The features that define an island retreat include, but are not limited to, privacy, seclusion, pristine natural environment, and space measured in acres rather than square feet. For those who choose a rural lifestyle, energy independence, also known as “getting off the grid,” has become another priority.
Mauna Kea and Mauna Loa, volcanic domes that constitute the major portion of the Big Island’s total 4,038 square miles and rise from sea level to more than 13,000 feet, provide an amazing variety of topography and microclimates suitable for everything from ranching and farming to upscale resort and residential development.
Multi-million-dollar homes and private ranches continue to proliferate along the coast, in the valleys, on the slopes and in the foothills of Mauna Kea, Mauna Loa, Hualalai, and the Kohala Mountains. Buyers looking to “get away from it all” as well as “off the grid” are gravitating to the Big Island.
Doug Beaton, a Realtor with Hawaii Life Real Estate Brokers as well as a Big Island resident and rancher, is currently offering a 24.09-acre retreat on the Hamakua Coast for $1,088,000.
“Ahu Lani Sanctuary” is a unique mountain estate located at an elevation of 2,800 feet on the slopes of Mauna Kea.
Energy self-sufficient, the property includes a lodge-style main residence with five bedrooms and five baths, a cottage, barn, greenhouse, and various covered work buildings.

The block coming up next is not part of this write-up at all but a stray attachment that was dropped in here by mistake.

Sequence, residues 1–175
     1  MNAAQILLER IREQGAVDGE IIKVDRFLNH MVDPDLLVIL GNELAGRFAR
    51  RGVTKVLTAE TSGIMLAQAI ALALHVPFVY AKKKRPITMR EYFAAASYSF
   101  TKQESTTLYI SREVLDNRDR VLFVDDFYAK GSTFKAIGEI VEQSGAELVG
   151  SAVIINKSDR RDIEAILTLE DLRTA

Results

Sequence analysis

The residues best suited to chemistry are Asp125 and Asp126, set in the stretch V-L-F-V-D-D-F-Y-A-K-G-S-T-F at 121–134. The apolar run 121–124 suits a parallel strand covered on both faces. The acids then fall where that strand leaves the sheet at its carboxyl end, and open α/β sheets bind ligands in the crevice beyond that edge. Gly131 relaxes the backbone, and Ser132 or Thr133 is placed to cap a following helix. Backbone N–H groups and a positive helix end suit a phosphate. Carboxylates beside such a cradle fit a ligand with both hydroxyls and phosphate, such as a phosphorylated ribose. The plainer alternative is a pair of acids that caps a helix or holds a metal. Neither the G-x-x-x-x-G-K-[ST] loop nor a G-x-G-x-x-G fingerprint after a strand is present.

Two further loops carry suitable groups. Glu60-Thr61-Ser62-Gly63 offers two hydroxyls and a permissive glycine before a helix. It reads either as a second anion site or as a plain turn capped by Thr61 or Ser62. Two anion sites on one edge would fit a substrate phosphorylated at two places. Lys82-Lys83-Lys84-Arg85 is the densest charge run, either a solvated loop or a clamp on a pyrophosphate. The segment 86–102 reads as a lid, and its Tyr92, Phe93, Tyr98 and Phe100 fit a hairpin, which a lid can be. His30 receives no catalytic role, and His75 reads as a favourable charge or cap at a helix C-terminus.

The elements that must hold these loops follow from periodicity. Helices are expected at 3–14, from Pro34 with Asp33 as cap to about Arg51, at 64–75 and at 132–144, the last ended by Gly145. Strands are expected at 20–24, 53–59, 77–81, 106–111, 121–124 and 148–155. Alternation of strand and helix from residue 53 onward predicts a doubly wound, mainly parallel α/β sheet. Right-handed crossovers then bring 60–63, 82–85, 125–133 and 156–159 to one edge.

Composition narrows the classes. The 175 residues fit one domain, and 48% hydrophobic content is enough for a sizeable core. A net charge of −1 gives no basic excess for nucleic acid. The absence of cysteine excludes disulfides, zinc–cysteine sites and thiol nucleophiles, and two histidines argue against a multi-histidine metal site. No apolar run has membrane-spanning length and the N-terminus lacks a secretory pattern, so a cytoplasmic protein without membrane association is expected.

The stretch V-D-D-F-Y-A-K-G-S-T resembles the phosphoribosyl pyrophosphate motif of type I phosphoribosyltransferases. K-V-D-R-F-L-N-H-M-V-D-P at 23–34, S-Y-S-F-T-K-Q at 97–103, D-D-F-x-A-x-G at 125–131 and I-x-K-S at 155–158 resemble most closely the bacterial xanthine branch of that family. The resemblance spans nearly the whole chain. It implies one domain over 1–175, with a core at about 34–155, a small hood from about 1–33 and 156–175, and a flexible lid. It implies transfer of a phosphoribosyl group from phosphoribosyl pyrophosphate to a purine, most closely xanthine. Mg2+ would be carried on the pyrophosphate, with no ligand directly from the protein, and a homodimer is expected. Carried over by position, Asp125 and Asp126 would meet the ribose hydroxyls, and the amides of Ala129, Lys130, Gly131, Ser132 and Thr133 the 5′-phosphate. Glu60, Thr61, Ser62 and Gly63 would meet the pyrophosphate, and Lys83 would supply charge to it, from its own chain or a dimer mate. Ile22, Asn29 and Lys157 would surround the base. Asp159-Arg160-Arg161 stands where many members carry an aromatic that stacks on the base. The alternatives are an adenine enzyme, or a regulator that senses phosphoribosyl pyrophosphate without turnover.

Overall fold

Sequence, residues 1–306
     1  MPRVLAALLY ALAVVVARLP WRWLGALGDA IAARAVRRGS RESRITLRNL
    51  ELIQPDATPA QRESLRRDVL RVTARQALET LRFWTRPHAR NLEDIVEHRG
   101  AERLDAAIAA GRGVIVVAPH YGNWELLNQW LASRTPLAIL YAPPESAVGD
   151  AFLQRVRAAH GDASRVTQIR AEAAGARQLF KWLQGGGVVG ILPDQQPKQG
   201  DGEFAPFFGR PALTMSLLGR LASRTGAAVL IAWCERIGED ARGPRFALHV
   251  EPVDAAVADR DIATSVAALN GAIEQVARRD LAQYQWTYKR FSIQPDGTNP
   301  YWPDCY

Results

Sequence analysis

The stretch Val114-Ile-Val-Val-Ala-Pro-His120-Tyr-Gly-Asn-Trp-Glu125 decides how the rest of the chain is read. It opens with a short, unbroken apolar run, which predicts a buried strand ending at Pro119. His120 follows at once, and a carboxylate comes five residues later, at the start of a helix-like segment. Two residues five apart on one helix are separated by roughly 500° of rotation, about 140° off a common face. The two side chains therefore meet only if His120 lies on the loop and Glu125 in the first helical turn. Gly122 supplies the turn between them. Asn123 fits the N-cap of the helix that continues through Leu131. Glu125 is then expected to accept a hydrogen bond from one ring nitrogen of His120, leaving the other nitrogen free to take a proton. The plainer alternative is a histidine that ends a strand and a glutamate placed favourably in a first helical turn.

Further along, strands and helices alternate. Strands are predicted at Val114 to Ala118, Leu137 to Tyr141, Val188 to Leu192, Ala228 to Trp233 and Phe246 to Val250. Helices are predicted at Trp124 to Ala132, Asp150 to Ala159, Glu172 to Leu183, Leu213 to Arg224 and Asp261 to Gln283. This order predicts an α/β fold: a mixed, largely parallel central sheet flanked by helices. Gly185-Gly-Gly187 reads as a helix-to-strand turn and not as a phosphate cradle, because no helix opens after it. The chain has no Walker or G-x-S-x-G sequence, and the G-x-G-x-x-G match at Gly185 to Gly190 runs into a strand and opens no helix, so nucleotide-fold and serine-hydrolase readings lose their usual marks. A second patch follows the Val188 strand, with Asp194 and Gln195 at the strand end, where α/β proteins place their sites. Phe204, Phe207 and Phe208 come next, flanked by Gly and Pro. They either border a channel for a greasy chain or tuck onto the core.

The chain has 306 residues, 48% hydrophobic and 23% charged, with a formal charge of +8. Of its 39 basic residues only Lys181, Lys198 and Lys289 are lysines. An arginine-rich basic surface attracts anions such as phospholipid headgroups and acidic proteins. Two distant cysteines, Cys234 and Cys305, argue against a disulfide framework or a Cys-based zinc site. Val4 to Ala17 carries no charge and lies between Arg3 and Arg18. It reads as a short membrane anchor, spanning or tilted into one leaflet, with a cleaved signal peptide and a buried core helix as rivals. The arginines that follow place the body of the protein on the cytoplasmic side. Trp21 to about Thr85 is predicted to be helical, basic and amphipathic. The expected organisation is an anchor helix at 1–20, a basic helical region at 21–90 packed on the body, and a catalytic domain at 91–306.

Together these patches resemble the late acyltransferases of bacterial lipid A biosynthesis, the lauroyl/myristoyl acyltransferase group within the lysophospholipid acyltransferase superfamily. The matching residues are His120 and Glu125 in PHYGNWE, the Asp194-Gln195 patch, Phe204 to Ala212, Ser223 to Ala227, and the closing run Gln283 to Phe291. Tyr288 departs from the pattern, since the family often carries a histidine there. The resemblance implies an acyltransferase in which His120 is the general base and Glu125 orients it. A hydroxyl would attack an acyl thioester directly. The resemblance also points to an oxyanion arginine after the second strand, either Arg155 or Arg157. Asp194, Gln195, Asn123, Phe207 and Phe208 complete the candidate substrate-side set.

The interior space of the main house, which includes a commercial -size kitchen adjoining a great room with a fireplace, is 4,488 square feet augmented by 3,232 square feet of lanai and deck space. One of the lanais accesses the detached “round room,” which is adaptable for a variety of uses.
Ahu Lani Sanctuary is completely off-grid with a photovoltaic system, 40,000-gallon catchment water tank, water filtration systems, tankless propane water heaters, satellite internet and television, cell phone amplification system, and a radio phone that links into the local telephone network.
The surrounding terrain is primarily pastureland with groves of ohia and koa. Within the rustic compound are organic vegetable and herb gardens and a variety of fruit trees.
Beaton noted that, since 2010, the property owner has been participating in the Conservation Reserve Enhancement Program (CREP) under which landowners are given financial assistance to plant and maintain native forests for the benefit such forests provide for watershed health and vitality.
“The owner fenced the entire property and planted 4,000 native plants, including 1,000 koa, some of which are already 30 feet tall,” Beaton said. “A new owner would be required to continue the CREP contract, which is in force until 2025 and entails maintaining the planted forest and fence. During this last phase of the contract, the program pays the landowner approximately $1,000 in rent and $600 in shared maintenance annually.”
Beaton has co-listed the property with Hawaii Life Realtor Scott Craven and is showing it by appointment.